Roy Oswalt struggles with his mechanics
ARLINGTON, Texas -- Sometimes a long layoff can be good for a pitcher. He can rest any injury concerns -- like a bothersome back, for instance -- and work on things during bullpen sessions.
But what if you don't get to throw but one bullpen session and the 12 days between starts includes nine days of not throwing off a mound? Well, you can have trouble finding a rhythm and a consistency with your mechanics. Roy Oswalt believes that's what happened to him in a rough outing Monday, the first of four games against the AL West-rival Angels.
"I need to get a more consistent arm angle," said Oswalt, who got an anti-inflammatory injection and some time off to rest a tight back and threw a bullpen session Friday and then pitched Monday. "Sometimes I'm down, sometimes I'm too far up. I can't find that spot that felt great. Not getting to throw for 11 or 12 days, sometimes that happens."
As a result, Oswalt wasn't able to keep his team in the game. He gave up three homers, tying his season high, but was still locked in a tight game through five innings. The trouble spot came in the sixth. Oswalt surrendered hits to five of the six batters he faced. The big one was a two-run home run by Kendrys Morales that gave the Angels a 5-3 lead. He ended up allowing eight runs on 11 hits and was gone after loading the bases with one out in the sixth.
"I made a bad pitch to Morales," Oswalt said. "The curveball was supposed to be in the dirt. I changed my grip and tried to throw a hard one and make it extra special, I guess you'd say, and left it over the plate."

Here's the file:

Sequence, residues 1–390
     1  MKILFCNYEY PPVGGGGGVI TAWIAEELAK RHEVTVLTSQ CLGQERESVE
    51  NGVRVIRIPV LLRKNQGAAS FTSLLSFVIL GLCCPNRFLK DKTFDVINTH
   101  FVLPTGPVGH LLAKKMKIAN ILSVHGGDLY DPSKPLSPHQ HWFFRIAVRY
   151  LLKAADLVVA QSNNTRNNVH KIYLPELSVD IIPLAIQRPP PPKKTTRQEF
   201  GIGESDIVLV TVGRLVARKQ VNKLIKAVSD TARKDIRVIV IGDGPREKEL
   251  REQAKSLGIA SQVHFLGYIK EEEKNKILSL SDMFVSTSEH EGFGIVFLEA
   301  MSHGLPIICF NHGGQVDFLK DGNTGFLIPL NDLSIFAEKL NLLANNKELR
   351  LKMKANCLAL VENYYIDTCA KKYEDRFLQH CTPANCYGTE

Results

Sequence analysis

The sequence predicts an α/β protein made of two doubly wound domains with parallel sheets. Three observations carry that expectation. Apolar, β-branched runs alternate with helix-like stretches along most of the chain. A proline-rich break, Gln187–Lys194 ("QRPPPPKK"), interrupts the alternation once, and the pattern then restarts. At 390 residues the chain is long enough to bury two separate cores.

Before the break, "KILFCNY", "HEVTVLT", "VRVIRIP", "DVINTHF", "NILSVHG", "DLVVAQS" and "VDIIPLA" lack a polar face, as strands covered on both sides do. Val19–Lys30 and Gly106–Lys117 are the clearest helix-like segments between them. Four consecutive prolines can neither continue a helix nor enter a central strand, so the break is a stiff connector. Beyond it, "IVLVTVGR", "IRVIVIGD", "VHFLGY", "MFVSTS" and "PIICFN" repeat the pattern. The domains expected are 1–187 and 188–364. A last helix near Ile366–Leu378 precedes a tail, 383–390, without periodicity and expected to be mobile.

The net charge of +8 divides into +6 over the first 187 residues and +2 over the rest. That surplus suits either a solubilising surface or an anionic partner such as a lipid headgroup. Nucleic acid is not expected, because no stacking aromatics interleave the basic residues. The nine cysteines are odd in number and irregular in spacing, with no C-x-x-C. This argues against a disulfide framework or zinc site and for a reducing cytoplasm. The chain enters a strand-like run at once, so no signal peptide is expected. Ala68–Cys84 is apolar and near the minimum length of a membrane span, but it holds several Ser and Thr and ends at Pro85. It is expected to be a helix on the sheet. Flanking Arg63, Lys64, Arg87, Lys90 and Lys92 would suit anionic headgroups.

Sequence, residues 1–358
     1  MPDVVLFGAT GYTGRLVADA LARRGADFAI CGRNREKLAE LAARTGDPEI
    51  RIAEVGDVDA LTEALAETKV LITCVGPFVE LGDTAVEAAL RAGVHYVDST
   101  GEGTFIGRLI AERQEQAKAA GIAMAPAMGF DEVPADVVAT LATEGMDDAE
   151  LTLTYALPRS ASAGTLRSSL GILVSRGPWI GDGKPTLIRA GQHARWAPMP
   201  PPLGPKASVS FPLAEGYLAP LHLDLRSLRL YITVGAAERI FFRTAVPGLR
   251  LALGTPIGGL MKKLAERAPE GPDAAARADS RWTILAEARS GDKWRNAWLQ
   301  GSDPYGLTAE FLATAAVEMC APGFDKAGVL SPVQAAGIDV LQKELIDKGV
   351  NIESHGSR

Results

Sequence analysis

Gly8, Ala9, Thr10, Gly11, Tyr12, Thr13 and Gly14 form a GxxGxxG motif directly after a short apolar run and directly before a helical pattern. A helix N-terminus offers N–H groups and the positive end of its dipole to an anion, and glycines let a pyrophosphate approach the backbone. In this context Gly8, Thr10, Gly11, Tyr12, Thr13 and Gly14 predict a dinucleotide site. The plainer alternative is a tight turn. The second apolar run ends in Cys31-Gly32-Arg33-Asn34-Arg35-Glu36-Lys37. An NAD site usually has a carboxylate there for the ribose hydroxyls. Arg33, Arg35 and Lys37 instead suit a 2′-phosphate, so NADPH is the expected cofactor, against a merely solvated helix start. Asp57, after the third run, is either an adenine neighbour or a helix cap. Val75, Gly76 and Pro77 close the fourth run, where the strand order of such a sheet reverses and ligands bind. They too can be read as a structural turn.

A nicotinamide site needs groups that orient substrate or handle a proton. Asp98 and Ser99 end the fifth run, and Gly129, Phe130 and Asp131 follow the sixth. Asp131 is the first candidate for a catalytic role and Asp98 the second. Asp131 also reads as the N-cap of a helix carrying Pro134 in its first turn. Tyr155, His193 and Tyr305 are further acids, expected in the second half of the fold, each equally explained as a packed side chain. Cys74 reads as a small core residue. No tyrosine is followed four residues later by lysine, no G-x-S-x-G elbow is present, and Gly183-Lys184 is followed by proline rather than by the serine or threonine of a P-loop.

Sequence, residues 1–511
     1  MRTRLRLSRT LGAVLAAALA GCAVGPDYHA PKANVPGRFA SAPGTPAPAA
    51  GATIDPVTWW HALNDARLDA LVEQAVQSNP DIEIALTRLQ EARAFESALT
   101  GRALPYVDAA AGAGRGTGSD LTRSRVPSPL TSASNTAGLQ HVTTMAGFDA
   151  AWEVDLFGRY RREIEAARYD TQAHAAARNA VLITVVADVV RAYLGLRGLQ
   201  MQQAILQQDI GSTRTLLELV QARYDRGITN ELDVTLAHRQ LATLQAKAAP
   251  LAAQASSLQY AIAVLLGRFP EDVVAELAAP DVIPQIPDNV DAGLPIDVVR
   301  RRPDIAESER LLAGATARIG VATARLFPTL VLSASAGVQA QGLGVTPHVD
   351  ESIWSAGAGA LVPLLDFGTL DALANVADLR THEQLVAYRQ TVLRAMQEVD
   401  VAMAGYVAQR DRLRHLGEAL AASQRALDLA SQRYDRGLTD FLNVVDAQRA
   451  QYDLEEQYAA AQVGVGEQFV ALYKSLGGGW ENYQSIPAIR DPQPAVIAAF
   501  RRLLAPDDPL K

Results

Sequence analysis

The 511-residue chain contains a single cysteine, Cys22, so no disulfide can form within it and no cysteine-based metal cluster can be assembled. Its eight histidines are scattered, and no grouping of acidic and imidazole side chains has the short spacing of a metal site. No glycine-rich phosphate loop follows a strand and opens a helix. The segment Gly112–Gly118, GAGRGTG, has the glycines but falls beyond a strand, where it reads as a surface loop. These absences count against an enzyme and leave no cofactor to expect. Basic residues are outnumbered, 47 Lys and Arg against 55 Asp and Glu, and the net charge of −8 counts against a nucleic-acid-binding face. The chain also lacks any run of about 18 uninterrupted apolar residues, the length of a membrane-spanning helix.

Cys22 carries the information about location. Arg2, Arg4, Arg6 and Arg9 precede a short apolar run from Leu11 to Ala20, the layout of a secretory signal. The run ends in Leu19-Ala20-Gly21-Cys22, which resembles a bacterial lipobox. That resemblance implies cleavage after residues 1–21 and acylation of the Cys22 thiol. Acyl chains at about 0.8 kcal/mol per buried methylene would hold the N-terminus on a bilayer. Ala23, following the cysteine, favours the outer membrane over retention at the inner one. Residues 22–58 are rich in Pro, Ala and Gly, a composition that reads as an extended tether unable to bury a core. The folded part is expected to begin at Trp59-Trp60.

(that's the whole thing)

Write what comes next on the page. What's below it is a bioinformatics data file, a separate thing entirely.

Oswalt said on one of his other home runs, earlier in the game, he wanted to throw a pitch down and away and it ran away on him.
"That's all about arm angle," Oswalt said. "If I get my arm angle back going, I'll be fine."
Through six starts, Oswalt has a 6.49 ERA and he's allowed at least 11 hits in three of those starts. That ties his career high for one season (he did it three times in 2008). He gave up three home runs for the second time in his last four starts; he had allowed three or more homers in a game only five times in his first 341 career games.
Oswalt said his back felt fine and he's confident he can find the proper mechanics on a more consistent basis with more time. With Colby Lewis out for the season and the Rangers still looking at any starting pitching options at the trade deadline, Oswalt knows the club needs him to keep them in games and chew innings.
"I've got 11 or 12 starts to go," Oswalt said. "I should be ready to go. I think the biggest thing is time off between this start and the last one."
The Rangers need more from Oswalt down the stretch. He's slated to get his next shot Saturday in Kansas City against the Royals.
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